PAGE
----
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Understanding Dyslexia

by Joan Sedita | 1 | 2 Comments

October is Dyslexia Awareness Month, so I decided to focus this post on providing information and resources related to teaching reading to students with dyslexia. I first learned about dyslexia at the start of my teaching career in the mid-1970’s when I started teaching at the Landmark School in Massachusetts. At that time, Landmark was a pioneer in the field of learning disabilities and dyslexia, serving over 400 students of all ages each year. The first thing I learned is that even though dyslexia poses challenges to students, it can also be seen a gift. I say this because, while it may be difficult for many dyslexics to learn to read and write, the same neurobiological factors that cause dyslexia also cause many dyslexics to be extraordinarily bright and gifted in many other areas. To learn more about dyslexia, watch the two-part recording of webinars I presented in the spring of 2020 titled “Understanding Dyslexia” (parts 1 & 2). They can be accessed at the Keys to Literacy free videos and webinars page.

What is Dyslexia?

This is the definition adopted by the International Dyslexia Association: “Dyslexia is a specific learning disability that is neurobiological in origin. It is characterized by difficulties with accurate and/or fluent word recognition and by poor spelling and decoding abilities. These difficulties typically result from a deficit in the phonological component of language that is often unexpected in relation to other cognitive abilities and the provision of effective classroom instruction. Secondary consequences may include problems in reading comprehension and reduced reading experience that can impede growth of vocabulary and background knowledge.” Lynon, Shaywitz & Shaywitz, 2003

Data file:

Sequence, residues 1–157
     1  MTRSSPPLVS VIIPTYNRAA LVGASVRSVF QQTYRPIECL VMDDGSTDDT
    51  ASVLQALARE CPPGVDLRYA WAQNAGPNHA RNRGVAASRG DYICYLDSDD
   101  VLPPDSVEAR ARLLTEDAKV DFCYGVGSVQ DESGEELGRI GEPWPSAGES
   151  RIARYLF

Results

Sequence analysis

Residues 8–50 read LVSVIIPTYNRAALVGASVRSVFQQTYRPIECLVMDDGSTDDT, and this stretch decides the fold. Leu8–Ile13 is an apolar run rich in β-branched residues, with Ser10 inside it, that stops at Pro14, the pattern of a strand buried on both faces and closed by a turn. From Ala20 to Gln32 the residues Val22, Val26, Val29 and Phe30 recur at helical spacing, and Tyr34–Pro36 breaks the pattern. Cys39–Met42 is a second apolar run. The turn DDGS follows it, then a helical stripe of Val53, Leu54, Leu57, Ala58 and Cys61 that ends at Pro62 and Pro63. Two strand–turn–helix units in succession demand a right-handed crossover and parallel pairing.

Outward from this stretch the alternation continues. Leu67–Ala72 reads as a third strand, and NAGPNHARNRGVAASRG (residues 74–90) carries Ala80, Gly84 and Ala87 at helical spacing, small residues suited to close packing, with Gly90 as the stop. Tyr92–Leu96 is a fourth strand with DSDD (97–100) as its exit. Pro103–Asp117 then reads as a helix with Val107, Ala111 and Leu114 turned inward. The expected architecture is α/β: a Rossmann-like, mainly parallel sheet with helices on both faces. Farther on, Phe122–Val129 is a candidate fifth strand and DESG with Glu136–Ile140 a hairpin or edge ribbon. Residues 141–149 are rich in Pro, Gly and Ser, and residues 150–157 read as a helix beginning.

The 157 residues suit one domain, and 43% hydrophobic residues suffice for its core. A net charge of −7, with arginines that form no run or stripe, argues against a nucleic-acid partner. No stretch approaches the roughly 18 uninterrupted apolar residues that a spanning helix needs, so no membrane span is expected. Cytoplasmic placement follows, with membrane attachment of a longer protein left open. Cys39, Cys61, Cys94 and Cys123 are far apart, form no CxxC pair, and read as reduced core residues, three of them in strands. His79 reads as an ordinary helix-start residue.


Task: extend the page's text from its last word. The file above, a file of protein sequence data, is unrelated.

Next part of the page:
The prevalence of dyslexia is not known for sure. Most experts agree that it affects between 10% to 15% of the population. There are some who say the number is as low as 5% and some who say it is as high as 20%. (Cowan, 2016)

More About Dyslexia

  • Dyslexia is a language-based learning disability. Dyslexia is caused by problems with the language processing system, not the vision system.
  • Students with dyslexia usually experience difficulties with reading, spelling, writing, and pronouncing words.
  • Dyslexia can be mild to severe, ranging from minor spelling challenges to a major impact on the ability to learn to read.
  • Many younger students with dyslexia will have difficulty with early speech and language challenges.
  • Dyslexia affects individuals throughout their lives; however, its impact can change at different stages in a person’s life.
  • In its more severe forms, dyslexia will qualify a student for special education, special accommodations, or extra support services.
  • A genetic family history of reading problems is associated with a four-times greater risk of dyslexia.
  • Dyslexia often occurs with other learning disabilities such as ADHD, dysgraphia, dyscalculia, and executive functions.
  • There are often emotional consequences when students with dyslexia do not get help early. A lack of confidence builds as soon as students start to realize they are not learning to read as easily as their peers.


  • Dyslexia is not a vision problem.
    • Eye exercises and vision therapy does not help.
    • Colored eyeglasses and colored overlays do not help.
    • Changes in size or style of print do not help.
  • Dyslexia is NOT seeing words and letters backwards.
  • Dyslexia is NOT something that will improve if students just “try harder.”
  • Dysleixa is not the result of a lack of intelligence – many people with dyslexia are highly intelligent.

Difficulty with Phonological Processing

Phonological processing is the use of the sounds of one’s language (i.e., phonemes) to process spoken and written language. It includes phonemic awareness and phonological working memory. Most students with dyslexia have inefficient phonological processing skills that affect their ability to learn foundational reading skills. All skills that support typical reading acquisition are impaired by dyslexia. However, because students with dyslexia have a deficit in the phonological component of language, reading difficulty in the early grades tends to center around problems with word reading and decoding skills. Weak phonological awareness skills are found in children with dyslexia as early as kindergarten and often prevail into adulthood. The good news is that  interventions that address weakness in phonological awareness are largely successful in bringing about gains in decoding in students with dyslexia. (Eden et al., 2019)